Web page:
Posted in Science & Nature

Shooting Star

When an object from outer space enters the Earth’s atmosphere, it starts to burn up and creates a brilliant streak in the sky, which we call a meteor or shooting star. Contrary to popular belief, this is not due to friction with the air in the atmosphere.

An object entering the atmosphere is typically travelling at extraordinary speeds. Most meteors are travelling around 20km/s (or 72000km/h) when they hit the atmosphere. At these speeds, air molecules do not have a chance to move out of the way. The meteor will instead collide into the air molecules, pushing them closer and closer to each other, compressing the air in front of it.

As we know from physics class, compression increases temperature in gases as per the ideal gas law (PV=nRT). The impressive entry speed of these meteors result in so much air compression that their surface can heat up to 1650 degrees Celsius.

The heat boils and breaks apart the contents of the meteor, turning it into superheated plasma that gives off a glow. This is the streak of light that we see in the night sky when we wish upon a shooting star.

Posted in Psychology & Medicine

Viscera: Lungs

(Learn more about the organs of the human bodies in other posts in the Viscera series here:

Everyone knows that we need oxygen to survive. The way we get oxygen from the atmosphere is through our lungs – the organ where gas exchange takes place. The pair of lungs take up a large proportion of the chest cavity and they link up with each other to form the trachea (windpipe). The left lung is slightly smaller to accommodate for the heart.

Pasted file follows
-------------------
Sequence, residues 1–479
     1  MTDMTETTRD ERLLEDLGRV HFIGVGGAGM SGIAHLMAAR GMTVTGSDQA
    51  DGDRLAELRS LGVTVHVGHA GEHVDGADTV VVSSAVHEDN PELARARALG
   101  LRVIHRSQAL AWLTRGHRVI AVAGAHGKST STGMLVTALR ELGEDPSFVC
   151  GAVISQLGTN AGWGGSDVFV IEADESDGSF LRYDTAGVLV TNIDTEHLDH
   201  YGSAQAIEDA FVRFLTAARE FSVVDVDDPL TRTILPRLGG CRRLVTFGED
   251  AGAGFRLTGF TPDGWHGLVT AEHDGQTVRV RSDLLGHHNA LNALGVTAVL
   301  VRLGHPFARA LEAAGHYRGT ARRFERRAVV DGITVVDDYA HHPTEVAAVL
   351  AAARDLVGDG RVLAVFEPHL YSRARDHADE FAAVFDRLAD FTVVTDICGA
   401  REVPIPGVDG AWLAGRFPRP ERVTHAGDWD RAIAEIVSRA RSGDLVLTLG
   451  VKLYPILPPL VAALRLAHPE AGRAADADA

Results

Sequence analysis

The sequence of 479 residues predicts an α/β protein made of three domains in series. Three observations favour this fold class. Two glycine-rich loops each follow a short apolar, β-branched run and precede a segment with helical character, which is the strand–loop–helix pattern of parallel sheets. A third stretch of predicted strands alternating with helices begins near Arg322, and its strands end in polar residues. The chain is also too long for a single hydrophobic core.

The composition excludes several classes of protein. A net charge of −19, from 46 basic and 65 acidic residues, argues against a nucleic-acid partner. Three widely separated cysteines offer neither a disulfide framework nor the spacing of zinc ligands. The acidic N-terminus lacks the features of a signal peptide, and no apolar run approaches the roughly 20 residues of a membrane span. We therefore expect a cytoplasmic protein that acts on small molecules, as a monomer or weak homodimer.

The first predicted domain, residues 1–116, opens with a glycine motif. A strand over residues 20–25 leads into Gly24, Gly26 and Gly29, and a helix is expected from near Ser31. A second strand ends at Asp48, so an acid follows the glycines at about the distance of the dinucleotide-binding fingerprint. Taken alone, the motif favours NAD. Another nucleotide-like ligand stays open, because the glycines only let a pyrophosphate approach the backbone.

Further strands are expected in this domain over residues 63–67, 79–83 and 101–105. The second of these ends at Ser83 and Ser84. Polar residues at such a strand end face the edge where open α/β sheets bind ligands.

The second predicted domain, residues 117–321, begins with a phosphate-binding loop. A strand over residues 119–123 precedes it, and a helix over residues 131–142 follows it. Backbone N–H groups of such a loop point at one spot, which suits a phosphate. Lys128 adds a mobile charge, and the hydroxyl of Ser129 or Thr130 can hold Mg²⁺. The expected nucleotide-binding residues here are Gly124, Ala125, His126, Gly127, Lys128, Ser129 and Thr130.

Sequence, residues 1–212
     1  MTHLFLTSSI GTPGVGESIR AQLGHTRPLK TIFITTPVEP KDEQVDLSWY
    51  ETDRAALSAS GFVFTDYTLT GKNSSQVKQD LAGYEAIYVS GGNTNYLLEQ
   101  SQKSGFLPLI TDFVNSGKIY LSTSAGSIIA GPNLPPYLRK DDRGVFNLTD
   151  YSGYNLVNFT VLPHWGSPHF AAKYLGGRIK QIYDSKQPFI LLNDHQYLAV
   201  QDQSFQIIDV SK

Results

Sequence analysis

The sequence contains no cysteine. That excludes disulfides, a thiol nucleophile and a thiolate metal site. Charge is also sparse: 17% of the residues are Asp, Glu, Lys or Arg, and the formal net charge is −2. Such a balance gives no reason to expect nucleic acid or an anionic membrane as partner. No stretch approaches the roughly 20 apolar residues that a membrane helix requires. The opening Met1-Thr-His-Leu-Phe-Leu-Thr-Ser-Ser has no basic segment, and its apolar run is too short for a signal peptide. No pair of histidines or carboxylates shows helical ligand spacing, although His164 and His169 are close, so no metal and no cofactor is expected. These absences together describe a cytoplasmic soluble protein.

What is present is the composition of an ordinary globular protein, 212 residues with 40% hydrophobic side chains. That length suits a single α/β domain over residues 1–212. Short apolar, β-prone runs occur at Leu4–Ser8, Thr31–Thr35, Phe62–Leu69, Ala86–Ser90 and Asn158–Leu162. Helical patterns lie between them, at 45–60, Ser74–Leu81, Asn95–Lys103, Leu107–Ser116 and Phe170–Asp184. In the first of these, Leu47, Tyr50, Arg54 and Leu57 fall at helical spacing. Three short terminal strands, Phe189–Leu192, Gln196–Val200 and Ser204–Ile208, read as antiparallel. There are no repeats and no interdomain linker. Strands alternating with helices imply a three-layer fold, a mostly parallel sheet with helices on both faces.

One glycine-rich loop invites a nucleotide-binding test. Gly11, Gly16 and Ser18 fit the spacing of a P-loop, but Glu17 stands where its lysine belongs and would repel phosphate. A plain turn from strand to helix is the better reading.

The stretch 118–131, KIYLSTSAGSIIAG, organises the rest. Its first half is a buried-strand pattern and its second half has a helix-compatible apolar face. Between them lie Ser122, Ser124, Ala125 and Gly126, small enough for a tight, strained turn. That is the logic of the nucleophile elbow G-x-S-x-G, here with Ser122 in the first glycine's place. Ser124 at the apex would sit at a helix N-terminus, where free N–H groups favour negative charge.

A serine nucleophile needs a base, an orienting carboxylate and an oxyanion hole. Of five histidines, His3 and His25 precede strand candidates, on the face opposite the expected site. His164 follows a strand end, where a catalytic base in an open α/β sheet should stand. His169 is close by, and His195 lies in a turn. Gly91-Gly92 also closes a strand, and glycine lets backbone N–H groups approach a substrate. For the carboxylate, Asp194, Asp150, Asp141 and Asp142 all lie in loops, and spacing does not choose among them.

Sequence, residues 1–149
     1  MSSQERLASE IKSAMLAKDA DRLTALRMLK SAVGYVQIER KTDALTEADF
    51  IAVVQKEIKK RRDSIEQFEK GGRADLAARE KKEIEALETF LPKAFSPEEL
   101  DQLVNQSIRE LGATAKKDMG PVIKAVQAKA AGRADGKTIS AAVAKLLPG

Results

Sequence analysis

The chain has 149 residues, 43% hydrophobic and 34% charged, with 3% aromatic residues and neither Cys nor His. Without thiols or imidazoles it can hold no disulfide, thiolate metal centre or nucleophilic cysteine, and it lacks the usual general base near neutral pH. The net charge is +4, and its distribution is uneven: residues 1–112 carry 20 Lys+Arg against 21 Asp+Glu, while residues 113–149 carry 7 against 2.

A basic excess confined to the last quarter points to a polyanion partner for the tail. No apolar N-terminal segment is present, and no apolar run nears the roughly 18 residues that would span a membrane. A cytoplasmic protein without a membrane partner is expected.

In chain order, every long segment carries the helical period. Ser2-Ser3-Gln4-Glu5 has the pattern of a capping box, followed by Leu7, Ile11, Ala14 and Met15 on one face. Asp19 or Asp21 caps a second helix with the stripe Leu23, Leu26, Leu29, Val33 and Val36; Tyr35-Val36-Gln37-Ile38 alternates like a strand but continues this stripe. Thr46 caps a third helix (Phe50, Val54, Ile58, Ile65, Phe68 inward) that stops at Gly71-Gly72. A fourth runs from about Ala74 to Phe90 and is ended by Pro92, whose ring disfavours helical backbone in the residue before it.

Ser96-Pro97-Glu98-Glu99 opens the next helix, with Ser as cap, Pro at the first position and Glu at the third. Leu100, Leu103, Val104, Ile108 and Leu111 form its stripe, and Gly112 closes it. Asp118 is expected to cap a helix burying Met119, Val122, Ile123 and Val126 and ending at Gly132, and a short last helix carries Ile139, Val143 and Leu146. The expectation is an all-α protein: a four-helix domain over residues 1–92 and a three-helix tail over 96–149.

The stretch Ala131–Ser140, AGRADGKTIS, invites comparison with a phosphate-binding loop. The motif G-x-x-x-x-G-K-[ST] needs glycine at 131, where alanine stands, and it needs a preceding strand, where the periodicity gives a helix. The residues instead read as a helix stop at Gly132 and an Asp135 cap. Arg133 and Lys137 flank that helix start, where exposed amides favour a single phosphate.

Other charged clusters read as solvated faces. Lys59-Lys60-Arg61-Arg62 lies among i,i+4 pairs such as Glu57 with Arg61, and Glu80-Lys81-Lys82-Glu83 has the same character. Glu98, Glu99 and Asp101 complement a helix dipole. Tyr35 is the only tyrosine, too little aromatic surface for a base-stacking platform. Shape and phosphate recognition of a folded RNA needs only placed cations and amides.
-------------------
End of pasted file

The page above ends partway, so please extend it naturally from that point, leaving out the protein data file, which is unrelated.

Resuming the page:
The lung is extremely soft and light, so much that it floats on water. It is essentially made up of an intricate tree-like system of airways, which become narrower and narrower as it divides out from the trachea. Since every airway divides up, the number of airways increases exponentially. Every bronchiole (small airways) ends in a bubble-like sac called an alveolus. Because of the sheer number of alveoli, the lungs actually have a total surface area the size of a tennis court. To picture this, scrunch up a piece of newspaper into a ball to pack a large surface area into a small space. The massive surface area allows for enough gas exchange to occur to give us the oxygen we need and excrete all the carbon dioxide we produce.


When we take a breath in, the chest cavity expands and stretches the lungs in all directions because of the negative pressure (like a vacuum). Air fills the airways all the way to the alveoli. The alveoli are extremely thin; so thin that the oxygen in the air effortlessly seeps through into the blood vessels that surround the alveoli. On the other hand, carbon dioxide seeps out of the blood into the alveoli, which is then breathed out as the muscles of your ribcage contract to force the air out. This process is called gas exchange and is driven by diffusion – the movement of particles from an area of high concentration to an area of low concentration (like how dye spreads throughout water).